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On Monday, The New York Times severed ties with one of its cartoon syndicates after it distributed two antisemitic cartoons, per The Daily Beast. It should be noted that Times‘ editorial did approve the comic before it appeared in last Thursday’s international print. The newspaper only acted after executive director of the Anti-Defamation League, Jonathan Greenblatt, complained directly to management.
The cartoon in question was drawn by Portuguese artist António Moreira Antunes. It showed a blind Donald Trump wearing a yarmulke and being led by a dachshund with the face of Israeli Prime Minister Benjamin Netanyahu, who wore a Star of David dog collar. The second antisemitic cartoon showed Netanyahu wearing sunglasses, descending a mountain while holding a selfie stick and a stone tablet marked with the Jewish star. In his complaint, Greenblatt rightly pointed out that the depiction propagates antisemitic rhetoric that Jewish men somehow control world leaders.
Greenblatt told The Daily Beast, “In an environment where anti-Semitism is on the rise… where people like the shooter this weekend are taking inspiration from these conspiracy theories that Jews have excessive control, that Jews manipulate events—to then see The New York Times publish a piece of propaganda that clearly communicates that Jews have excessive control, or that Jews manipulate events, is unconscionable.”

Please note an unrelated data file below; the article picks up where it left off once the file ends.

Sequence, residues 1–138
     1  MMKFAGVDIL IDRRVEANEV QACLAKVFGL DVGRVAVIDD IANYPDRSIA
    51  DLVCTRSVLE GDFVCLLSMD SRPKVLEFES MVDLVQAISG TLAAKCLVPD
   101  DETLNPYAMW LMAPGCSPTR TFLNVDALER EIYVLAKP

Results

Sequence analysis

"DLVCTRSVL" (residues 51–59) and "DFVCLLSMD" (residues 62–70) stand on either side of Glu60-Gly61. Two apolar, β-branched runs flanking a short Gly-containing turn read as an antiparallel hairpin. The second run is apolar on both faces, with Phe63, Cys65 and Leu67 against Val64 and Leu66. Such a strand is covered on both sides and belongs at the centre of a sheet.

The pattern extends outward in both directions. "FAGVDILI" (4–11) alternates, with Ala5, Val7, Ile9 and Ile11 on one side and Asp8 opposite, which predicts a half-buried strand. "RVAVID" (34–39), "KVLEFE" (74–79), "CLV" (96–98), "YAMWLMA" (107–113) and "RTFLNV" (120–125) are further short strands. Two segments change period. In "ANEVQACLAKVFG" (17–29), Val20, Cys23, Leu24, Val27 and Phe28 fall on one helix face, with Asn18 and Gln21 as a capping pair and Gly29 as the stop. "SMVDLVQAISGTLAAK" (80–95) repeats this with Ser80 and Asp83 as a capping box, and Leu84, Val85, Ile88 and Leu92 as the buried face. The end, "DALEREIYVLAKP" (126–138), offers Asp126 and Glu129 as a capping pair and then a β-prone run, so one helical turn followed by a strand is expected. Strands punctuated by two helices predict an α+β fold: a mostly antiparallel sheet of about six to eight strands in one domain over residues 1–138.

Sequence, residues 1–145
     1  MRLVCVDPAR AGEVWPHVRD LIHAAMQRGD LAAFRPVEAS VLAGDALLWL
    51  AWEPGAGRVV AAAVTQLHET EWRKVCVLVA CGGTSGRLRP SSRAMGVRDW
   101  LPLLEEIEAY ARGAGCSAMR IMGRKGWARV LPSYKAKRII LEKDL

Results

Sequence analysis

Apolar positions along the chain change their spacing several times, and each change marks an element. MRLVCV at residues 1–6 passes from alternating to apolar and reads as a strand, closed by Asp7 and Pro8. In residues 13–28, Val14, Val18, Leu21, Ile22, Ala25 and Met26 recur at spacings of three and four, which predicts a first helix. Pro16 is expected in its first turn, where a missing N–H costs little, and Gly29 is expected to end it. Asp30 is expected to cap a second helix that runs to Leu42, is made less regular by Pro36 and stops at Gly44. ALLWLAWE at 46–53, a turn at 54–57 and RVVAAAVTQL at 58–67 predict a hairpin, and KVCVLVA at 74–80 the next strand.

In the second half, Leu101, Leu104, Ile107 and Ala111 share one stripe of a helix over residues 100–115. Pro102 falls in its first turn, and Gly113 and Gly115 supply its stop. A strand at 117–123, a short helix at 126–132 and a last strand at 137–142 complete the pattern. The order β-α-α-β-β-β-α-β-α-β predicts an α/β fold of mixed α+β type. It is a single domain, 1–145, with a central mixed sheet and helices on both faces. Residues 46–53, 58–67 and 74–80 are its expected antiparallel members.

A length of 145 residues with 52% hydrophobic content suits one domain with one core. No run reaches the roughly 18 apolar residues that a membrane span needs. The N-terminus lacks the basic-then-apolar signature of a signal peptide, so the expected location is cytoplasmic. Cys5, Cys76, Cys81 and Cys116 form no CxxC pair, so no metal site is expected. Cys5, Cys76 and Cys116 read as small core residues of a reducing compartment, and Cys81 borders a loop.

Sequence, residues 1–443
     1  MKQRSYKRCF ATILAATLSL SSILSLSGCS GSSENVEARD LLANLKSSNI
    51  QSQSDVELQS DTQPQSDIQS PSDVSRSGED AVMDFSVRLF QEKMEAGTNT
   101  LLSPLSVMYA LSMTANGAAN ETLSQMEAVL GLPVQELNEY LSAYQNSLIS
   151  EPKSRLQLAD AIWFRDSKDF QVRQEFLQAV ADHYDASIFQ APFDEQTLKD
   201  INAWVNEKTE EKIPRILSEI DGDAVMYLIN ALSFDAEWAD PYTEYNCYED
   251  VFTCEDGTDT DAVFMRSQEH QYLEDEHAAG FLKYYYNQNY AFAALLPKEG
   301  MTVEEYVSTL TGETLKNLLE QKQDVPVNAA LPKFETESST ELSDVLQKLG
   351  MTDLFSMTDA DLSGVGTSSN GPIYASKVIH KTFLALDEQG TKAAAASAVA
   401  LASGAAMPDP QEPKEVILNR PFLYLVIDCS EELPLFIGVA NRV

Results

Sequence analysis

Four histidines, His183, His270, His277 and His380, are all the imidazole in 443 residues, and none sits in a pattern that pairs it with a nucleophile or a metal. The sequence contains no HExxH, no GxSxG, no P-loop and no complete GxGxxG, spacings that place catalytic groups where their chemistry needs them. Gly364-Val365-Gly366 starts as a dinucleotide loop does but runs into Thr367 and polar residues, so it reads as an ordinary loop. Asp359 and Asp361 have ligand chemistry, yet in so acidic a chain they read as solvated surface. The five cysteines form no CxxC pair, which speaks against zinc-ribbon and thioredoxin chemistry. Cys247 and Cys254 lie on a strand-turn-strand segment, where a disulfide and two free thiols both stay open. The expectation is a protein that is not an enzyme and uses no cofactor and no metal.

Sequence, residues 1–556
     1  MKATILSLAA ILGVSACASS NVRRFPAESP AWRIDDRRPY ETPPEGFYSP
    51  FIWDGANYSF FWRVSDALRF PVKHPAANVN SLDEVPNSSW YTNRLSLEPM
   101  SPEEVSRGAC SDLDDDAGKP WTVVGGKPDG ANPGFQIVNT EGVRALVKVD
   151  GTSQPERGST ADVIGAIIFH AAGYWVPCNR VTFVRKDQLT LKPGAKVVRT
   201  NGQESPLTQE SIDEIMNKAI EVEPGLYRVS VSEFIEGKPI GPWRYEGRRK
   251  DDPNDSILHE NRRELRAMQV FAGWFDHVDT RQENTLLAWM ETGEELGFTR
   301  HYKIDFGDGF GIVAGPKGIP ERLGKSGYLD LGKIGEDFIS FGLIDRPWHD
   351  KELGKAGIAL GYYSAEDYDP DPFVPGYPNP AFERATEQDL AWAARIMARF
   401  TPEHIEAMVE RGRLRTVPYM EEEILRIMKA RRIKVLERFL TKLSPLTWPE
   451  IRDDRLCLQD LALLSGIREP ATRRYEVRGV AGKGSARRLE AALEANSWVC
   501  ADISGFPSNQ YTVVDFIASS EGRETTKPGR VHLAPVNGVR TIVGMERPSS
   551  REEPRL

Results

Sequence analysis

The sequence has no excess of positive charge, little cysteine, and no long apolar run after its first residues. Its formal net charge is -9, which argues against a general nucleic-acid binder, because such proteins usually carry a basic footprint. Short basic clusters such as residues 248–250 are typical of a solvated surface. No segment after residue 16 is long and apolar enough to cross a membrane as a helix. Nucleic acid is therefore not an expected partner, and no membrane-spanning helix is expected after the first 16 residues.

Publication of these cartoons took place less than a year after prominent Jewish philanthropist George Soros found a bomb in his home and only days after a gunman attacked a southern California synagogue.
What’s more, the NYT response didn’t initially include an apology. The decision was called “an error of judgement,” until public criticism forced an apology. Apparently, an unidentified editor “working without adequate oversight,” due to a “faulty process,” is to blame for the approval. Though that process is under review, the editor doesn’t seem to have faced any repercussions. A spokeswoman for the Times said, “We are evaluating our internal processes and training. We anticipate significant changes.”